I'm not Roman Catholic but I do agree with you about NFP. When I was first married, back in the 1970's I was a typical hippie thinking girl and refused to put chemical (bcp's) or foreign objects (IUD's/diaphrams) into my body. At my college in a women's reproduction class (put on by the crowd promoting "Our Bodies, Ourselves") I learned the NFP method and loved it. I learned more about how my body worked than any class in high school had ever taught me and much more than my parents ever told me. I never got pregnant either. I went on to use other birth control methods, mostly the diaphragm and/or condom and had 4 children.

    As to condom use and the Catholic Church, I am interested to see how this will play out. There are areas where I disagree, biblically, with Catholicism and a celibate priesthood is one and not using condoms is another.

    I do believe abstinence can work.

    Interesting discussion Tim.

    steph
  13. by   Jolie
    I think it is cricial to understand the reason why the Vatican is considering the condom issue at this time: For the protection of a married person whose spouse is infected with HIV.

    The Catholic Church is not "rethinking" its stance on contraception or its stance on sexual relationships between unmarried and/or homosexual couples. Those behaviors are considered sinful, and the Church's view of them will not change.

    The only situation in which the Church is considering "allowing" the use of condoms is within a marital relationship in which one spouse is HIV (+) and the other is not, as a means of protecting the uninfected spouse from exposure to a fatal illness. The justification for this consideration comes from the Commandment, "Thou shalt not kill."

    I would like to see reliable statistics backing the claim that millions have contracted HIV because of the Catholic Church's ban on condom use. I am certain that the percentage of HIV cases contracted within monogamous married relationships is near zero. Therefore, most of those who have contracted the disease (other than thru accidental healthcare-related exposure, also a small percentage) were already violating Church law in some way unrelated to condom use such as drug use, or unmarried sex. If they were willing to violate Church law on these issues, why would they then stop short of using a condom in order to comply with the Church's stance on contraception? Makes no sense.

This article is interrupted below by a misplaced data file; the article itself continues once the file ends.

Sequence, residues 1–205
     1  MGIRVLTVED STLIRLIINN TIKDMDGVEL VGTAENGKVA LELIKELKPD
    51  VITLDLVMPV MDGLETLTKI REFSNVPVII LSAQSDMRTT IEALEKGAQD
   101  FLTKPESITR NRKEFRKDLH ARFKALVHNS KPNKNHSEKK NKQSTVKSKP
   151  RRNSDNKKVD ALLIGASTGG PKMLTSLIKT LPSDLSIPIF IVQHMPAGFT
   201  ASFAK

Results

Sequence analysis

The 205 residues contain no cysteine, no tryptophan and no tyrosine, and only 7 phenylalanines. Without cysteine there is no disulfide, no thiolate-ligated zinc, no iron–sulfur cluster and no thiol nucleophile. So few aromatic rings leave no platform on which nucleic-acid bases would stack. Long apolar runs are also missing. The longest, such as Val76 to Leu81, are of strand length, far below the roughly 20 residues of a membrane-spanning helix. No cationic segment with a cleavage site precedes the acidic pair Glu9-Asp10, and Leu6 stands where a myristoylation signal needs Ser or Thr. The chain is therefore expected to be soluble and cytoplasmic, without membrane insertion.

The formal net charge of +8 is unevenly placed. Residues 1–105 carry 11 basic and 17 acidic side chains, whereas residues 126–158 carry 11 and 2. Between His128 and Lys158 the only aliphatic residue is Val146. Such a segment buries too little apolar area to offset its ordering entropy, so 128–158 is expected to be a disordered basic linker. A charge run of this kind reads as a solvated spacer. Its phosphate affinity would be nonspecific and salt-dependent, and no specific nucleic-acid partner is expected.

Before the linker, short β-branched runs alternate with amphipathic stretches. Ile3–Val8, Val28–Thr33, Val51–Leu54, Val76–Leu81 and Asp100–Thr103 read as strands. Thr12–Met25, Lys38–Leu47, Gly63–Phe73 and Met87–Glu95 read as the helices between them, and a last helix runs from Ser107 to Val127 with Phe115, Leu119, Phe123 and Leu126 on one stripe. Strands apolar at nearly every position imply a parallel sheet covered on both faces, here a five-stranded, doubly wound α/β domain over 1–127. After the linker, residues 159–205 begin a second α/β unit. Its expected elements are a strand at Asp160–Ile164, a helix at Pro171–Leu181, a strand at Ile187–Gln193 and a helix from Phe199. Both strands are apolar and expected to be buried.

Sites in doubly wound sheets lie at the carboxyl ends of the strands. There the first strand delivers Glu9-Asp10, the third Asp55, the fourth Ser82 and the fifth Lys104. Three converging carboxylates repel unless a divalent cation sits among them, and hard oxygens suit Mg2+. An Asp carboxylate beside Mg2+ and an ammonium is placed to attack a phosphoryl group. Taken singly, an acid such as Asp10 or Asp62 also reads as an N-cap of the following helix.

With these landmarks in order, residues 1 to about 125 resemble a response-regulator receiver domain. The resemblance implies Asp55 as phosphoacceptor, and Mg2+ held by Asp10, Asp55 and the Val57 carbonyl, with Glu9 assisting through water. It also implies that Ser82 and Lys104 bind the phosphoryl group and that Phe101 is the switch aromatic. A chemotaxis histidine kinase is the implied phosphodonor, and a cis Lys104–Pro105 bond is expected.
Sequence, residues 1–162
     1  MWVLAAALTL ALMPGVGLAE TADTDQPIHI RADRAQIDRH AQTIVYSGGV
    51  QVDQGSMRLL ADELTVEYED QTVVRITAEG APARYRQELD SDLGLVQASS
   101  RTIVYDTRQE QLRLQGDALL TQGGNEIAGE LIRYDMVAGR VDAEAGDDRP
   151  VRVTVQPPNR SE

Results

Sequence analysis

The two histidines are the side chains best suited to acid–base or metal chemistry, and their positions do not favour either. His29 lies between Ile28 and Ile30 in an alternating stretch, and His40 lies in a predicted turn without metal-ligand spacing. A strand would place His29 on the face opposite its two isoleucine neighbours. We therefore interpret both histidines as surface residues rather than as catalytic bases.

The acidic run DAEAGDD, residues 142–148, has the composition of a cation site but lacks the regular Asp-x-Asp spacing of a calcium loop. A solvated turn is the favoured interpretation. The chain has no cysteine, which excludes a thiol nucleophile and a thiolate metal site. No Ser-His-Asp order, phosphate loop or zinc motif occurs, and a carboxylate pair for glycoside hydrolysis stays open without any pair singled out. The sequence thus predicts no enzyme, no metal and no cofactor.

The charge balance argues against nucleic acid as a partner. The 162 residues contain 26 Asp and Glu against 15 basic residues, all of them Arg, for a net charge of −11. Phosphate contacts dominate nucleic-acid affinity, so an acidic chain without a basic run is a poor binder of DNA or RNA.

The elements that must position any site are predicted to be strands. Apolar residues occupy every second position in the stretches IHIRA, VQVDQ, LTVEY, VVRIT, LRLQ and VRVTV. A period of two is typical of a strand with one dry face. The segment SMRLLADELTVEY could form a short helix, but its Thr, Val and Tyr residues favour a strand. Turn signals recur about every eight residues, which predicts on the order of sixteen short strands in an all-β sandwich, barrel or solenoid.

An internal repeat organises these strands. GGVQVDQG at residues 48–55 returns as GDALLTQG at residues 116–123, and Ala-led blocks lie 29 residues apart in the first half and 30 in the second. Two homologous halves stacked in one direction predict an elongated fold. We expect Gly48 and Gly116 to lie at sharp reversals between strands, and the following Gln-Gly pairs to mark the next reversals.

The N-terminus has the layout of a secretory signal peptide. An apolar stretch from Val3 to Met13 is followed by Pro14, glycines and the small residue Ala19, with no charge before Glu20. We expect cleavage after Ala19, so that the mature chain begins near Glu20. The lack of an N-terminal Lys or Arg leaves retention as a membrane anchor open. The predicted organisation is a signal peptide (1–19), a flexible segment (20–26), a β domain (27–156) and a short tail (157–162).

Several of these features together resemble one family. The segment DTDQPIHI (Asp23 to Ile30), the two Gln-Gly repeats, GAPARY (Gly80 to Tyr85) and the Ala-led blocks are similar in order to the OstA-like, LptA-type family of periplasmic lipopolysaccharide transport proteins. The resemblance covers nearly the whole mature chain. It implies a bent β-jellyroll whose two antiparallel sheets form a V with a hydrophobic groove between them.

14. by   Antikigirl
    I couldn't help it, but when I saw this I immediately saw an image of the Vatican gift shop selling 'blessed condoms" in the future...and giggled a bit. But then I thought...why not? Wouldn't that be soooooo wierd though!?!?! (I am not bashing anyone or thing...it is just what I pictured in my head right off the bat).

    Had a few names to call the condoms too...but naaaaa...not going to go there!

    I guess it is weird to me to even think of condoms and religion...so that hit a funny but odd bone in me with that image. I also thought of the Monty Python bit "every sperm is sacred". I see their point in wanting to allow life, but yep...with STD's...it would be hard to draw the line between the two!
    Last edit by Antikigirl on Nov 24, '06

close